Keeping your temper in check may do more than help your heart—it may also prolong lung health.

New research shows that long-term hostility could damage lung function and speed the natural age-related decline in lung power.

"Psychological stress and distress and negative emotional states like hostility can disrupt immune function and trigger inflammatory processes. much like allergens in the environment: says study author Dr. Rosalind Wright, assistant professor of medicine at Harvard Medical School.

Hostility and anger is already linked with many other health problems in older adults, including heart disease and asthma. But until now, there had been little specific research into how these types of psychological factors affect lung function decline.

The Findings

To see if there was any link between anger and hostility and the way the lungs work. Wright and her colleagues examined 670 men aged 45 to 86.

Levels of hostility, measured at the beginning of the study, averaged 18.5 points on a standard scale, with values ranging from seven to 37 points. Lung function appeared to decline as anger numbers rose, and vice-versa.

The association held steady even after adjust-ing for smoking, educational attainment and other factors.

The Theory

How might anger be linked to lung function) "A person who tends to be more hostile might be more likely to adopt negative coping strategies, such as smoking," says Wright "But that didn't seem to be the case. We controlled for smoking"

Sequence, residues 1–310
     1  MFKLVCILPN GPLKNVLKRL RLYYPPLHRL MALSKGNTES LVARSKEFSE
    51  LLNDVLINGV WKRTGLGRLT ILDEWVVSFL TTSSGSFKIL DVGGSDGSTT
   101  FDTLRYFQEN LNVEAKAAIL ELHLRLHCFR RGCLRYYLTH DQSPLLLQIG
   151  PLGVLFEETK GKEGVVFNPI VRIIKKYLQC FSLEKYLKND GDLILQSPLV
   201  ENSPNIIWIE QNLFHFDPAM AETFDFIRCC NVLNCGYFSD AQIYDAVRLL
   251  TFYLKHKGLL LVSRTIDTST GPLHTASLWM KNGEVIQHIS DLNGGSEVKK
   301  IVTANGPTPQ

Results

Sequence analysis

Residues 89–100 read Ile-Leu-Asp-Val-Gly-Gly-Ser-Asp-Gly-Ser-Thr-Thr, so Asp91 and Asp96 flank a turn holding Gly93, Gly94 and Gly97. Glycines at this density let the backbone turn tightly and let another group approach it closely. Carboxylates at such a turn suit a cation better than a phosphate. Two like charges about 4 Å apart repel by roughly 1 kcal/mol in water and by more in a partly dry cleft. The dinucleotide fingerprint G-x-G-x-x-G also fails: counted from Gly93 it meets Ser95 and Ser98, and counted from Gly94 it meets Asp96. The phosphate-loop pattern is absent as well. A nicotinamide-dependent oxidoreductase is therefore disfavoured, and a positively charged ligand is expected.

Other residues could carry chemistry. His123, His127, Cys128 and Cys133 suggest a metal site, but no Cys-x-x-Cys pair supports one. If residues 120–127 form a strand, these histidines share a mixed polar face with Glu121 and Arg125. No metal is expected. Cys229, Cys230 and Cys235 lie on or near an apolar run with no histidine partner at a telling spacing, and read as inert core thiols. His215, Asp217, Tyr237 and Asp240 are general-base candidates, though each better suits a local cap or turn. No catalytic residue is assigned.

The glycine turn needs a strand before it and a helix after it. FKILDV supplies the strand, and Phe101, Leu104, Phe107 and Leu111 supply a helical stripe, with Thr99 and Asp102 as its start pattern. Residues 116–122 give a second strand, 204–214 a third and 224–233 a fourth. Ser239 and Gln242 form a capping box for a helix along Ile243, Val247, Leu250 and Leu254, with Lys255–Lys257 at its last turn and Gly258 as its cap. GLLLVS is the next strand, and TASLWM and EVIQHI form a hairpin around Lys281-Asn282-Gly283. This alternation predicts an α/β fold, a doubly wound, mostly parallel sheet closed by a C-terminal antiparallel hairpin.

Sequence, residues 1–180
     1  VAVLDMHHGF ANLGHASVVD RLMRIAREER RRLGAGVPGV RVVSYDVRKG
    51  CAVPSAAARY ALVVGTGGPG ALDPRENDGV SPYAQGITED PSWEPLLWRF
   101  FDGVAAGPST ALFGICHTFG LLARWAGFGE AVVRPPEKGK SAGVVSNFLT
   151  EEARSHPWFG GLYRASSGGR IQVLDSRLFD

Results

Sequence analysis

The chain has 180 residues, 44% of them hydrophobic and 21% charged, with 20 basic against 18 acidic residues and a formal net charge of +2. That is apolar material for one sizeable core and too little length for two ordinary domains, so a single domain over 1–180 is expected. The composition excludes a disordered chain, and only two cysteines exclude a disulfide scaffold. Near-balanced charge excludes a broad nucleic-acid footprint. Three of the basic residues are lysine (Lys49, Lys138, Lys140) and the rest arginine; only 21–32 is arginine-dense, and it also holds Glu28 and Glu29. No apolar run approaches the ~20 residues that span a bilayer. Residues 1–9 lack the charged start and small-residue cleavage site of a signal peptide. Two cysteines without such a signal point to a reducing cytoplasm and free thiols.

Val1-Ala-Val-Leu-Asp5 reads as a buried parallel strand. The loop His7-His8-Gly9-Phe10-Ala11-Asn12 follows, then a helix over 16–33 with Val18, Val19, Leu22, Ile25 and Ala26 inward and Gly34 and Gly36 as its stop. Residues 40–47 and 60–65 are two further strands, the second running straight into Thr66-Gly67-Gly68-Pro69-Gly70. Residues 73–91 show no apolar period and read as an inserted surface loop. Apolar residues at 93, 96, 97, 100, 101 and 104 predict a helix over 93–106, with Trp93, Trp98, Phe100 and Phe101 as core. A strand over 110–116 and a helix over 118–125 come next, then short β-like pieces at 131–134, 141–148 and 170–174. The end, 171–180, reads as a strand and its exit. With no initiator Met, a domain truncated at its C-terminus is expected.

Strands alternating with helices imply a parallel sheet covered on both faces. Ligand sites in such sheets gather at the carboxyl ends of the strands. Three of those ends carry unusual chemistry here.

Interestingly, those with higher levels of hostility also had a faster rate of natural decline in lung function, say researchers.

Because all of the participants were older, white men, the results cannot be extrapolated to other groups. The findings also can't be taken to suggest that there is a cause-and-effect relationship between hostility and anger and declining lung function, add the scientists. For now, they are noting an association.

Dr. Norman Edelman, chief medical officer at the American Lung Association, says he's not surprised by Wright's study. "There's lots of biological plausibility, lots of mechanisms by which this could take place."

The bottom line: Wright hopes her findings provide more incentive for people to manage their mood for better health.

"Psychological stress seems to trigger similar types of biological disruptions; she says. “When you have something throwing the system out of balance, that might put you in a state of chronic inflammation. If you raise someone's aware-ness about their emotional state or personality disposition or level of stress, they can modify their lifestyle or use interventions like cognitive behavioral therapy."

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